I have an actual paper list of manga and anime that people have recommended to me, and last night I thought that I should pick a random one and give it a try. This is how I ended up up reading the lion’s share of Gokusen, a 1999 manga about Kumiko “Yankumi” Yamaguchi, a high school math teacher who is also a yakuza clan head.
Sometimes, I’d swear we did certain kinds of feminism BETTER back in the 1990s than we do now. Obviously, that’s not true across the board, but Yankumi (who is often referred to by her yakuza title “Ojou”) runs around this entire manga in a track suit and is physically capable without having had to be the victim of sexual assault.
Instead, the backstory around Yankumi’s abilities involves an older yakuza ‘brother’ that she admires and who is tasked with being her caretaker. When she begs him to teach her to fight he sounds like he’s going to be a sexist pig. He says, “Look, you’re a girl, you can’t win against bigger guys.” But, instead of stopping there, he goes, “Good thing fighting isn’t only about power. Let me teach you how to go for the balls,” basically:
Yankumi is no nonsense in a way that almost reads like a butch lesbian, but she breaks that stereotype, too, by being head over heels for the family lawyer. Years and years before “Brave,” she defeats the arranged marriage trope by saying that she’ll only marry a man stronger than she is and soundly defeats any suitor.
I mean, much of this story is pretty run-of-the-mill, but I found Yankumi extremely refreshing as a character.
I have a number of friends who complain about how anime/mnaga women are always too giggly and baby girlish for their tastes. I haven’t tried to watch the anime for Gokusen (it’s not on Crunchyroll, though one was made, as well as a live-action TV series,) but I can’t imagine they cast Yankumi that way, unless they’re having her code-switch between her “softer” teacher persona and her gangster one for humorous effect.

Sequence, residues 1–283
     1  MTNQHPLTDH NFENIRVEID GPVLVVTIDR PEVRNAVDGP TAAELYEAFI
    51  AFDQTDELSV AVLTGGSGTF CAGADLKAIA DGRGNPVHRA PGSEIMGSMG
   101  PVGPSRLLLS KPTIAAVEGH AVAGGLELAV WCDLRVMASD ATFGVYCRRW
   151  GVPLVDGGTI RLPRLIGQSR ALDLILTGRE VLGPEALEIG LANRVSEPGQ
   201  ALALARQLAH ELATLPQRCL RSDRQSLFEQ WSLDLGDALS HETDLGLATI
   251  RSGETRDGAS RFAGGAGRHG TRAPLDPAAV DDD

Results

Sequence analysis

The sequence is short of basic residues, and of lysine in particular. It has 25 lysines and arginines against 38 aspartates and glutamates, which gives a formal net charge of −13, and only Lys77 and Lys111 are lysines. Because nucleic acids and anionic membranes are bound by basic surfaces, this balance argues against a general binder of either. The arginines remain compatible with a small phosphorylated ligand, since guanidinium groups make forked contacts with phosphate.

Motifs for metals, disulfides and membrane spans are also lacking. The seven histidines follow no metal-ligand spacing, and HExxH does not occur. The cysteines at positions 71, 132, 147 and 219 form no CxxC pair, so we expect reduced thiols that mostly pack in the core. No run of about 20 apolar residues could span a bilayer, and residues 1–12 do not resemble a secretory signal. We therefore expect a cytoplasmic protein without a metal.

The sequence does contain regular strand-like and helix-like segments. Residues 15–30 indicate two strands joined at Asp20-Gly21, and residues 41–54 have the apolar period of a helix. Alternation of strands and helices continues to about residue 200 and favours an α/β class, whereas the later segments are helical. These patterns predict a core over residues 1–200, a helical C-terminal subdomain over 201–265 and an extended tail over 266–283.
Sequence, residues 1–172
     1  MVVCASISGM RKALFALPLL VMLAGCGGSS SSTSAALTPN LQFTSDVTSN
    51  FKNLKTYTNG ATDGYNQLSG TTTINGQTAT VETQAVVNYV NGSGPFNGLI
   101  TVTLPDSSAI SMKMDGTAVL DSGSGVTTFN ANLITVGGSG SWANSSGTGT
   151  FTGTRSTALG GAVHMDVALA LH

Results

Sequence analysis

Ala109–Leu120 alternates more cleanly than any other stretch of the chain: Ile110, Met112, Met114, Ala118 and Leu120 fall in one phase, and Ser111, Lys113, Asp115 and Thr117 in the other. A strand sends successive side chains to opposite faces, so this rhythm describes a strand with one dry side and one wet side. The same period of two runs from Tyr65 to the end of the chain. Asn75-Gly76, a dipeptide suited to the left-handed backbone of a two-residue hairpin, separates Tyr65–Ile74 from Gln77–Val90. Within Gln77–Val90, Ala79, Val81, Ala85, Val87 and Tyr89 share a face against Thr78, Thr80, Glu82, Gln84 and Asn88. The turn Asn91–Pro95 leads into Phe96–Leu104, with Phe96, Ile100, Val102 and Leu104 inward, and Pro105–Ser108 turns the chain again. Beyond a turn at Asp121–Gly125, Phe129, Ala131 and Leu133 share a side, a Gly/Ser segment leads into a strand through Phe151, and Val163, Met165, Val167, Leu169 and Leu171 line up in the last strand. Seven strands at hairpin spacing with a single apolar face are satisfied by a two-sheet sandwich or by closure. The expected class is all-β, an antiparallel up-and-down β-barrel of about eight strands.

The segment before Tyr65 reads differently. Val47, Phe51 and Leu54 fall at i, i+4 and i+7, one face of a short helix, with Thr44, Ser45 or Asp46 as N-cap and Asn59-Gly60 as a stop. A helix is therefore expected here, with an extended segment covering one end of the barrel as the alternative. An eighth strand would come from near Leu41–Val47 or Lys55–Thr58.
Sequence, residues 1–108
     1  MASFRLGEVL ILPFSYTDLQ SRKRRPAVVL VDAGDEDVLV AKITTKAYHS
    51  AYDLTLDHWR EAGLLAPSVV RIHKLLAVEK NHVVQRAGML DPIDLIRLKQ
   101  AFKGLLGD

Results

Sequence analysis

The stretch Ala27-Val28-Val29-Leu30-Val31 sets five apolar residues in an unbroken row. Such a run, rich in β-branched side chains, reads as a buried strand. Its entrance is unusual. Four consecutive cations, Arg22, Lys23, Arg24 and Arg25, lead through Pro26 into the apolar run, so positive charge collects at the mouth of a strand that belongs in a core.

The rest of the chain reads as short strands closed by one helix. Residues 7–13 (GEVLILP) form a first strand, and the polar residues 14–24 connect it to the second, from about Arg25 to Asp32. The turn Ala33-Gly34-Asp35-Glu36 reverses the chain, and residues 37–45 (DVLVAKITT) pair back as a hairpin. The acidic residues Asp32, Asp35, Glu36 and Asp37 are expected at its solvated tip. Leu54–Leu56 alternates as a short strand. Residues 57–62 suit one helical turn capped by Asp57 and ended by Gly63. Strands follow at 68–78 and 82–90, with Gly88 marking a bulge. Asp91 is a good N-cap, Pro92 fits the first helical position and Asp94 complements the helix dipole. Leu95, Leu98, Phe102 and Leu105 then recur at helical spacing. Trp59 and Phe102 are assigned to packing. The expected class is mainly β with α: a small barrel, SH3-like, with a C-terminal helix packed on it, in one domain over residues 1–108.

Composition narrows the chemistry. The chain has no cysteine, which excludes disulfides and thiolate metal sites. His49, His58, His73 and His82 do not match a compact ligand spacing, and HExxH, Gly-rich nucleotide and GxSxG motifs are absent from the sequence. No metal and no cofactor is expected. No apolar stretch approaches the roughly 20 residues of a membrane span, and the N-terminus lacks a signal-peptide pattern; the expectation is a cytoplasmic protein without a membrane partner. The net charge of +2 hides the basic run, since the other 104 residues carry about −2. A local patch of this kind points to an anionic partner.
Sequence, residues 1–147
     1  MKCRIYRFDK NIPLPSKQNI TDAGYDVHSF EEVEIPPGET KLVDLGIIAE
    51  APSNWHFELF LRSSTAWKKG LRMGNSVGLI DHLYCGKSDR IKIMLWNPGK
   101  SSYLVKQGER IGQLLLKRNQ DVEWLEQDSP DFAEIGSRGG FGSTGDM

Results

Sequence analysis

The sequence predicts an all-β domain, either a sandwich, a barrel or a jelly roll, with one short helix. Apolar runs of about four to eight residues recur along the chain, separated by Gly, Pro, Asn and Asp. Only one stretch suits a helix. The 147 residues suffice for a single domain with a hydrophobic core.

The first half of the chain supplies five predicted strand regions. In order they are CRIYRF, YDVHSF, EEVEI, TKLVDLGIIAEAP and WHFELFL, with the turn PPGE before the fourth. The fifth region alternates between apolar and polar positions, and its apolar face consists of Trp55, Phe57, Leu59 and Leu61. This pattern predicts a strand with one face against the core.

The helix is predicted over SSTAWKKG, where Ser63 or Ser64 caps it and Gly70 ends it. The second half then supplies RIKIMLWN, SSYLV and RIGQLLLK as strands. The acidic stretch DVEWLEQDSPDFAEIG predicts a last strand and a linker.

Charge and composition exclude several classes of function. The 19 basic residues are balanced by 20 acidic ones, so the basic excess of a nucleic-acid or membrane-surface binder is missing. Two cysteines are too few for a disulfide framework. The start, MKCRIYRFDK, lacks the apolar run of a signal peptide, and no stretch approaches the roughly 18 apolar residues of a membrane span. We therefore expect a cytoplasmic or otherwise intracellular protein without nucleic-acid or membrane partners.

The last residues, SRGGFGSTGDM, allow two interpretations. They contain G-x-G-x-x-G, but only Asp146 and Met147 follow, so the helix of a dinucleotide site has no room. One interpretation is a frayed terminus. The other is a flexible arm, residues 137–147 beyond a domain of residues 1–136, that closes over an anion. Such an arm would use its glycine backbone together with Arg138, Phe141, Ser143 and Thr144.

If you like the general trope of the gangster doing mundane things, ala Gokushufudou: The Way of the House Husband, you may enjoy this as well. It’s clearly an early influence on some level, conscious or not.
For myself, I read five volumes in one sitting. Do I feel super compelled to finish it? *shrug* Had I started reading earlier in the evening I may have continued through to the end without blinking an eye.
A note about the art: it’s very crude. As someone on one of the sites I frequent complained, there are sections of this manga that are words floating on empty panels. The backgrounds are often nonexistent. The drawing is… well, after a while I found that it fit the story and the characters perfectly, but it took some time to get used to how unrefined it is. Some of that might be 1999, but some of it might be intentional. These characters are not slick or polished–they are simple, brutal, and not trying to be something they’re not.
Like the art.